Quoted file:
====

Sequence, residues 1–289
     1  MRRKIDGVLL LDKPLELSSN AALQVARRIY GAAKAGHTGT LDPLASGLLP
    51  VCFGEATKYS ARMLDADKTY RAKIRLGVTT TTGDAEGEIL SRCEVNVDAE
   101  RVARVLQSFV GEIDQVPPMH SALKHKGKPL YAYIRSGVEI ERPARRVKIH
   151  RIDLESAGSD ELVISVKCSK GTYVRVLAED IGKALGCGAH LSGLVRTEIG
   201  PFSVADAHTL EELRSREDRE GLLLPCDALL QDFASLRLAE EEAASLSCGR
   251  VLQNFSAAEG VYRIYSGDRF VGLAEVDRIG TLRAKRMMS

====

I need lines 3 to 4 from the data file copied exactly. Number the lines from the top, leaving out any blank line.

    51  VCFGEATKYS ARMLDADKTY RAKIRLGVTT TTGDAEGEIL SRCEVNVDAE
   101  RVARVLQSFV GEIDQVPPMH SALKHKGKPL YAYIRSGVEI ERPARRVKIH